Video editing doesn't just involve video, of course. Videographers also often add 2-D- and 3-D-graphics-based scene transitions, text, and other "eye candy" to a clip before burning it to DVD or another archival-and-playback format. Because the graphics subsystem finds use in displaying graphics information on the computer monitor, it's logical to employ that same GPU to speed the rendering of graphical effects. These effects merge with the video in system RAM and on the hard-disk drive, so they benefit from the high upstream bandwidth that PCI Express delivers. According to Adobe's Baker, Adobe After Effects 6.5 uses OpenGL to accelerate on-screen playback of motion-graphics projects during production. "By offloading some of the processing directly to the GPU, we gain more responsive performance with less waiting. This leads to a more creative design experience that encourages experimentation," he says.
Baker continues, "Since Adobe products are all about creating content productively, this is a huge advantage for our users. OpenGL is an evolving standard, and we plan to take advantage of new capabilities in OpenGL as the technology develops." The Mac OS counterpart of After Effects, Apple's Motion, also harnesses the GPU by means of OpenGL. According to Apple's Web site, Motion is the first motion-graphics software with GPU-accelerated, 32-bit floating-point rendering for true film quality. The documentation further says that this 32-bit floating-point rendering produces fine color accuracy, eliminates banding artifacts, and even improves quality when rendering to 8-bit formats. Finally, it claims that you get great detail, quality, and range of color that automatically scales with new generations of GPUs (Reference 12). Hodges points out and the Apple Web site confirms that installing Motion 2, the latest version of the software, requires a shader-based GPU.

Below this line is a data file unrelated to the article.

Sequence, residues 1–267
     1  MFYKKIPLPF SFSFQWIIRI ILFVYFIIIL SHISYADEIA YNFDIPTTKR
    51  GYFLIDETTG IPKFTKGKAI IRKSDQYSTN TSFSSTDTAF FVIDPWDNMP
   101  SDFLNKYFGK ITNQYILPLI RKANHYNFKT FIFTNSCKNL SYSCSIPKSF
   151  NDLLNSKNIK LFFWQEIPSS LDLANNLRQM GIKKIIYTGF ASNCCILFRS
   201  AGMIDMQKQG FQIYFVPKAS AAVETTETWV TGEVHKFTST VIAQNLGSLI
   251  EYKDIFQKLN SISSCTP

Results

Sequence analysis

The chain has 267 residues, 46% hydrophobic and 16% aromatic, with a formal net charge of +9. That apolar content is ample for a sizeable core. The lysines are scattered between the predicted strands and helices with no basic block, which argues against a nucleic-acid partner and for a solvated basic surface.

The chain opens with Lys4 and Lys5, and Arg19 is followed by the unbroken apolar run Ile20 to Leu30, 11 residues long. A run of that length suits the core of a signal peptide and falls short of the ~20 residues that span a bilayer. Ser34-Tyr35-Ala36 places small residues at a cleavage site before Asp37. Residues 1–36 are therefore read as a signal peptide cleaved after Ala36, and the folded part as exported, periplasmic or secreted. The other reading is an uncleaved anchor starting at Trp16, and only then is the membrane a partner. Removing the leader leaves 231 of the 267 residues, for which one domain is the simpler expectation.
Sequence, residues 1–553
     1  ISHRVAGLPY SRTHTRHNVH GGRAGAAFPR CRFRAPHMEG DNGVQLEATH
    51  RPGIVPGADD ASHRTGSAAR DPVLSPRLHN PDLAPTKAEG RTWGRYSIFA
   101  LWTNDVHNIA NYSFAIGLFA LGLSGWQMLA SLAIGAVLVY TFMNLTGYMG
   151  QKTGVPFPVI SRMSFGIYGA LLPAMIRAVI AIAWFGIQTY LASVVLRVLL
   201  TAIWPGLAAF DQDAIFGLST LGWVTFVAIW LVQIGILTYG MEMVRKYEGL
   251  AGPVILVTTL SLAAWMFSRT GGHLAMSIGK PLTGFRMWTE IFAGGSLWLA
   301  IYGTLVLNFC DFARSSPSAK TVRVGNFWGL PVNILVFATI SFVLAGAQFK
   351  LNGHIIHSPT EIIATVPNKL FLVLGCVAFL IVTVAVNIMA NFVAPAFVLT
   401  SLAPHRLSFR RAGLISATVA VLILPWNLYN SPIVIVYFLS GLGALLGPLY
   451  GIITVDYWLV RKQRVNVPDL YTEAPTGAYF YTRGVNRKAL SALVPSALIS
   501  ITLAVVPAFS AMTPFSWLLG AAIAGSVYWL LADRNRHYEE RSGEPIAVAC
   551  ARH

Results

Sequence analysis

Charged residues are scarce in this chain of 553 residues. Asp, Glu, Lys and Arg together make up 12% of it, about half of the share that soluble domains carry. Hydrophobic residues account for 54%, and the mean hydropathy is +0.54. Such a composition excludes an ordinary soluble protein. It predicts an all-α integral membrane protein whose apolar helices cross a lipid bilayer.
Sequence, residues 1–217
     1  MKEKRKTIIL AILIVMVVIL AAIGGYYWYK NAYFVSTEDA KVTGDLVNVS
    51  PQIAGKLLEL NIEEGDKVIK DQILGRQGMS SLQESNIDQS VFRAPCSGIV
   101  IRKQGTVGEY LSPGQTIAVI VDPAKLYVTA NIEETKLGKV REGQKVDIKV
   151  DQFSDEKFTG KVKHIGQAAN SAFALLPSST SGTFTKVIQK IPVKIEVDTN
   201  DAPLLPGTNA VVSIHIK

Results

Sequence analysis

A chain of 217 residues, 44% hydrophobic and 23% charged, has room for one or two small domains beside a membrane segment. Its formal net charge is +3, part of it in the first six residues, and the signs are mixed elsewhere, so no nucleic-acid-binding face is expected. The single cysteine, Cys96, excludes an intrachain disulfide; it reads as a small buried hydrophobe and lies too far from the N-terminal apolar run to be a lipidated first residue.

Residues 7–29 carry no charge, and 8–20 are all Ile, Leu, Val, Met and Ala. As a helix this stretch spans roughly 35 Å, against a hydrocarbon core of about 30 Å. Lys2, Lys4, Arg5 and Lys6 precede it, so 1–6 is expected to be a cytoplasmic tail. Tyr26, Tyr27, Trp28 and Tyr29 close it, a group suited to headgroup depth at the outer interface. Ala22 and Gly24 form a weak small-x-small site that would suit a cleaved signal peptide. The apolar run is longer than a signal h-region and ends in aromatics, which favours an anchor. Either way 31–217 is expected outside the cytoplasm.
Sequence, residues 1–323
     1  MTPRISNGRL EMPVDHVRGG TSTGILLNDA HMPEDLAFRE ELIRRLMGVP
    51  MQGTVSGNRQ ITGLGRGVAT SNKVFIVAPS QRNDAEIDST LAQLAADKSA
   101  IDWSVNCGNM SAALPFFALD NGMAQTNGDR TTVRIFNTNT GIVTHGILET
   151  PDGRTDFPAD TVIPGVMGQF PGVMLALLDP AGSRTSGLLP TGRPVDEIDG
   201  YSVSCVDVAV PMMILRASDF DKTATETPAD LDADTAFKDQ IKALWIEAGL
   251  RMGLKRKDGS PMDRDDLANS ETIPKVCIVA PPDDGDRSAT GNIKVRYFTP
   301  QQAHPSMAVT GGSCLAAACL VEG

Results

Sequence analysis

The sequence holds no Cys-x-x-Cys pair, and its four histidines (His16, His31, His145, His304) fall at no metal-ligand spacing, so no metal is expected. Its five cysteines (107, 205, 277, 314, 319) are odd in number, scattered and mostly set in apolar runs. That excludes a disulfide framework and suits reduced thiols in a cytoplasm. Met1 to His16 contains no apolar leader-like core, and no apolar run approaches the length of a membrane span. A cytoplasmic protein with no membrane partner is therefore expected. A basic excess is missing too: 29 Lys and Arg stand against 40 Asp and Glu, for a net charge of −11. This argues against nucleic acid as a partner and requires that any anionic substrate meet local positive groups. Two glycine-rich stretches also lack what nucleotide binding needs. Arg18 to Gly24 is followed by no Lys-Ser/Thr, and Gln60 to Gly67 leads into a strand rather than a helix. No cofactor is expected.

Games beyond graphics
Beyond rendering and image processing, what's the next application frontier in which the GPU might be able to wrest control away from the CPU, or where might yet another processor with tailored functions emerge? Blythe's Meltdown presentation points developers in three GPU-leveraging directions: skinning, noting that simple 1-to-4-bone, GPU-based skinning is already pervasive; morphing, such as GPU-calculated facial animation; and simulation of particle systems and fluids. Echoing comments Kirk made in his Hot Chips keynote speech, Blythe says, "The place where we're going, again staying close to the games side of things, is that we've got this way of putting pixels on the screen, and, over time, we got to a point where I could get enough pixels on the screen. So I then wanted to start increasing the quality of the pixels." As a result, Blythe asserts, Microsoft's next areas of focus were finding ways, for example, to better shade the pixels, have better lighting models, or do better texture-mapping operations. Now, the company is also starting to work toward getting better geometric models for characters; better animations; and better special effects, such as water, fire, and foliage. "Fundamentally, what I'm trying to do is get better looking visuals on the screen. And those are the places where the 'big bang,' or the most cost-effective improvements are going to happen," he says.